Isolated Dislocation of Ocular Lens

Gabriela Acucella, Enrico Finale, Gaetano Auletta, Andrea Guala

American Journal of Medical Case Reports

Isolated Dislocation of Ocular Lens

Gabriela Acucella1, Enrico Finale2,, Gaetano Auletta3, Andrea Guala1

1Department of Pediatrics and Neonatology, Castelli Hospital, Verbania, Italy

2Department of Obstetrics and Gynecology, Castelli Hospital, Verbania, Italy

3University of Eastern Piedmont, Novara, Italy

Abstract

We describe a case of a child whit isolated dislocated of ocular lens, due to mutation in FBN1 gene. Differential syndromic diagnosis is made and we discuss to importance of clinical follow-up to exclude/confirm cardiologic complications due to Marfan syndrome.

Cite this article:

  • Gabriela Acucella, Enrico Finale, Gaetano Auletta, Andrea Guala. Isolated Dislocation of Ocular Lens. American Journal of Medical Case Reports. Vol. 4, No. 3, 2016, pp 97-100. http://pubs.sciepub.com/ajmcr/4/3/7
  • Acucella, Gabriela, et al. "Isolated Dislocation of Ocular Lens." American Journal of Medical Case Reports 4.3 (2016): 97-100.
  • Acucella, G. , Finale, E. , Auletta, G. , & Guala, A. (2016). Isolated Dislocation of Ocular Lens. American Journal of Medical Case Reports, 4(3), 97-100.
  • Acucella, Gabriela, Enrico Finale, Gaetano Auletta, and Andrea Guala. "Isolated Dislocation of Ocular Lens." American Journal of Medical Case Reports 4, no. 3 (2016): 97-100.

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1. Case Report

We describe the case of a child 3 years old came to our attenction for a dislocated higher bilateral lens that was diagnosed during an eye screening. The initial medical history was negative for, major malformations, hereditary diseases and early onset mental delay, cancer recurring and for parents consanguinity. The child is an only child born to vaginal birth and she never showed pathologies. The examination highlights a height to 90th percentile while the weight and the head circumference are to 50th. The child has not dysmorphics except the very arched palate and valgus knee.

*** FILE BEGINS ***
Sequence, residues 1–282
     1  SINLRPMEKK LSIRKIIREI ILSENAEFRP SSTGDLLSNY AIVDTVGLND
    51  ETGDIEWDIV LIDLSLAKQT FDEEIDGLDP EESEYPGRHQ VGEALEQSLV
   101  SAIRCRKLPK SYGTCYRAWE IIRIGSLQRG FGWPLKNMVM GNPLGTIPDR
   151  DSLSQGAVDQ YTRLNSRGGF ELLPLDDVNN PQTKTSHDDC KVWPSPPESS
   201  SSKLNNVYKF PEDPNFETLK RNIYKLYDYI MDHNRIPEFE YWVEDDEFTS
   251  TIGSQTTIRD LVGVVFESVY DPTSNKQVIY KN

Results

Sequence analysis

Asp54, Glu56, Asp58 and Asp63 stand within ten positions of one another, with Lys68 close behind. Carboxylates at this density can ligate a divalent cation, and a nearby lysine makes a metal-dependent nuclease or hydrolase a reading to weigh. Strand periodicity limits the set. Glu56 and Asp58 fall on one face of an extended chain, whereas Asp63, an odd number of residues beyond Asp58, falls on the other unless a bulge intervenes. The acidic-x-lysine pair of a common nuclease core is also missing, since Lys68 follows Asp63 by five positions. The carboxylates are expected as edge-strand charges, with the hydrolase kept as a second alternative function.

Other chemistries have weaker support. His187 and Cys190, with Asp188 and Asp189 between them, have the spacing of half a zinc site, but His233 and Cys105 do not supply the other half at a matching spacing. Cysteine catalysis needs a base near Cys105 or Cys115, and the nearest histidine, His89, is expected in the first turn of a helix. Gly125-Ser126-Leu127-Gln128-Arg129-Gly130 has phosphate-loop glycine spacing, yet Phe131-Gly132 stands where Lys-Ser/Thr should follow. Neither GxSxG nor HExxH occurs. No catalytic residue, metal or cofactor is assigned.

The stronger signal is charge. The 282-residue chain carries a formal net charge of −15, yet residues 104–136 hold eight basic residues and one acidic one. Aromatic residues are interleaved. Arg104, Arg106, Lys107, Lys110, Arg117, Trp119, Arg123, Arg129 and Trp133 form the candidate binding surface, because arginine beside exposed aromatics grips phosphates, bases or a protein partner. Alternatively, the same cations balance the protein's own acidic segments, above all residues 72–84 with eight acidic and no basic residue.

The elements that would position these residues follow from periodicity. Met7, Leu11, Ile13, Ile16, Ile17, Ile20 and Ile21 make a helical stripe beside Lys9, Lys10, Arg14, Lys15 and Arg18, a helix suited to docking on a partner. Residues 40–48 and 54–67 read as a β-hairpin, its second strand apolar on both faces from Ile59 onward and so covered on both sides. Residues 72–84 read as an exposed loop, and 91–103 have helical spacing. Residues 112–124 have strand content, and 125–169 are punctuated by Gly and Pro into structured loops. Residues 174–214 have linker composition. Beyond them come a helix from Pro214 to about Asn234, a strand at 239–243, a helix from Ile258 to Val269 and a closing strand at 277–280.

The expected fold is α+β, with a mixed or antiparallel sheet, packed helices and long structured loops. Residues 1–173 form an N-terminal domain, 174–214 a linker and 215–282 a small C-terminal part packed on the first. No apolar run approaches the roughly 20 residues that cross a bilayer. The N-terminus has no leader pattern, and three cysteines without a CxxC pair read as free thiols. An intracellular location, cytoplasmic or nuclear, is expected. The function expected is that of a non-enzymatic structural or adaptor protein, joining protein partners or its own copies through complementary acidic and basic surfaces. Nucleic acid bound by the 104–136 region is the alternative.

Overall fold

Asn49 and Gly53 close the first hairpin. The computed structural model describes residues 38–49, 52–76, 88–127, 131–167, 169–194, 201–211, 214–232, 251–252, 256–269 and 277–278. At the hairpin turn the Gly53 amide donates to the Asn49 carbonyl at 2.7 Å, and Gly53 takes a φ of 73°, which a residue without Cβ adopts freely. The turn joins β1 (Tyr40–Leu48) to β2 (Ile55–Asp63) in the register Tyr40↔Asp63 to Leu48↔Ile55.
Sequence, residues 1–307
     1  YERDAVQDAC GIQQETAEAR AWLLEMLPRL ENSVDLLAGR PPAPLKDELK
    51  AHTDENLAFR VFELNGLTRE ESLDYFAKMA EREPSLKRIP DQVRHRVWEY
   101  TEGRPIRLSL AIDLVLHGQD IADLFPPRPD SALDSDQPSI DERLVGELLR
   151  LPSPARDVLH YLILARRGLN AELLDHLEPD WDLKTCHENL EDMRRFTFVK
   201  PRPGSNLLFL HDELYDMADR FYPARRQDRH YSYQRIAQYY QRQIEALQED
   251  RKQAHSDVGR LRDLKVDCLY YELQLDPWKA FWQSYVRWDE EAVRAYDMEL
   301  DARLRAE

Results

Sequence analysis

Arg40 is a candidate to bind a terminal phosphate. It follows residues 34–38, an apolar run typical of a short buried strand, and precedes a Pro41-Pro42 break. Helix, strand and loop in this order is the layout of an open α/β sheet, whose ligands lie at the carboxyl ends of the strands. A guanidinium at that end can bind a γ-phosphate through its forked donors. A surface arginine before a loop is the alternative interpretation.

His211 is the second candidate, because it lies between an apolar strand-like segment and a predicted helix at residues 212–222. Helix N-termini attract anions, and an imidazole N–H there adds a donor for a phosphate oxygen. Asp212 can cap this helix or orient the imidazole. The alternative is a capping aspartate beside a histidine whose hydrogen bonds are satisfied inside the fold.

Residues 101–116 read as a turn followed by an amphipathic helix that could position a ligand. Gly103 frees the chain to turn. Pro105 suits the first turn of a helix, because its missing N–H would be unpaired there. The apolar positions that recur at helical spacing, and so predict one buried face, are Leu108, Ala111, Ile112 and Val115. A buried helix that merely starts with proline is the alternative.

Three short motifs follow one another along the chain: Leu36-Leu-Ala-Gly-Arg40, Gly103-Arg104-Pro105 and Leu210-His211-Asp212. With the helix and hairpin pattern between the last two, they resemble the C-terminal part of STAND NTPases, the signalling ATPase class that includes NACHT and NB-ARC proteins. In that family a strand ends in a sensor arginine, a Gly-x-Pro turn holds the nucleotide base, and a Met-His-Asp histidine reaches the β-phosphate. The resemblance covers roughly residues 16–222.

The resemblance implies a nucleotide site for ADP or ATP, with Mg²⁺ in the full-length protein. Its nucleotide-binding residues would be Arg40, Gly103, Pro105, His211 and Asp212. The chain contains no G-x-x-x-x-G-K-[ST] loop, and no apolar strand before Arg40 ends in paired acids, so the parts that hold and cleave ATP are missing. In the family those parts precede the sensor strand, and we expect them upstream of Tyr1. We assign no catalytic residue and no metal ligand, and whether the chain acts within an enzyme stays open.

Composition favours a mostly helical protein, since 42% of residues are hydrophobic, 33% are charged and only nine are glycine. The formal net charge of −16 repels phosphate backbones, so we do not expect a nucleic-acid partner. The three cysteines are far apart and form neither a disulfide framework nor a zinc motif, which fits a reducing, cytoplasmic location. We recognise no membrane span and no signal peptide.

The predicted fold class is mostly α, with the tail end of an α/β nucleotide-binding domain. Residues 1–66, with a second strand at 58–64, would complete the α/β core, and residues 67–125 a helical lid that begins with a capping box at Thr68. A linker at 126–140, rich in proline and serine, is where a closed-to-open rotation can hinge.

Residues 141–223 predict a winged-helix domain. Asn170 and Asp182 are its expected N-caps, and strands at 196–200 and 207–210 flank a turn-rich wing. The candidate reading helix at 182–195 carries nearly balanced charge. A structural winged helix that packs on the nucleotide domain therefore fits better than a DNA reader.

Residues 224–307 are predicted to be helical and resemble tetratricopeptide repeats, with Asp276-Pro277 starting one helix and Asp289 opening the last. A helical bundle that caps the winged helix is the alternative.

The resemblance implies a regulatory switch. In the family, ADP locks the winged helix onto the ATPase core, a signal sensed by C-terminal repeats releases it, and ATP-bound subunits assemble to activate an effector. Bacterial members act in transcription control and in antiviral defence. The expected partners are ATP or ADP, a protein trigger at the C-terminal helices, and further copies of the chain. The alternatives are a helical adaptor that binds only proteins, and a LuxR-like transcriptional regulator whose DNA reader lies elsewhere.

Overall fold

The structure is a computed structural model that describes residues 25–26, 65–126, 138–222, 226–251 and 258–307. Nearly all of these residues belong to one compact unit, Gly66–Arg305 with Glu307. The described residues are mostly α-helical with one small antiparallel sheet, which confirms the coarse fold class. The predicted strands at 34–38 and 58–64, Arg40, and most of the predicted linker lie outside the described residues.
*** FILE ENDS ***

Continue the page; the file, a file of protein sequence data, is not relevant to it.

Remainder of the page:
2. Differential Diagnosis

The presence of lens dislocation diagnosis oriented the team to research new signs and symptoms related to the main syndromes associated with lens disclocation, such as: Marfan syndrome, Weill-Marchesani syndrome, Ehler-Danlos sindrom and homocystinuria. The clinical examination had ruled out the Weill-Marchesani and Ehler-Danlos sundromes because were not present in the child, short stature, brachydactyly, microspherophakia (Weill-Marchesani), and not even also laxity and thinness of the skin, ligament hyperlaxity (Ehler-Danlos). A cardiologist advise and an echocardiogram allowed us to exlude the mitral valv prolapse and/or aortic arch dilatation. We counseled to do an hands radiograhy to study the metacarpophalangeal profile and homocysteinemia dosage, results were normal. We excluded the Marfan syndrome since were not present Ghent criterions.

The most likely hypothesis seemed to be the isolated congenital dislocation og the lens (Table 1 differential diagnosis) was necessary to do a molecolar investigation to establish if was a lectopia lentis 1 (OMIM 129600), dominant autosomal condition due to the mutation of the gene FBN1 or ectopia lentis 2 (OMIM 225100), recessive autosomal condition due to the mutation of the gene ADAMTSL4. The diagnosis has been made thanks to the molecolar investigation of the fibrillin gene 1 (sequencing FBN1). The used methodology was the DNA extraction from peripheral blood and amplification of the 65 exons of the gene FBN1 through PCR, analysis on DHPLC, Direct automatic sequence and sequence analysis with software "sequencer 3.0". The analysi of the 65 coding regions and relatives flanking regions inclusive of the canonical sites of "splicing" of the gene FBN1 showed the presence of exon 1 of a missense mutation in Heterozygosity.

3. Discussion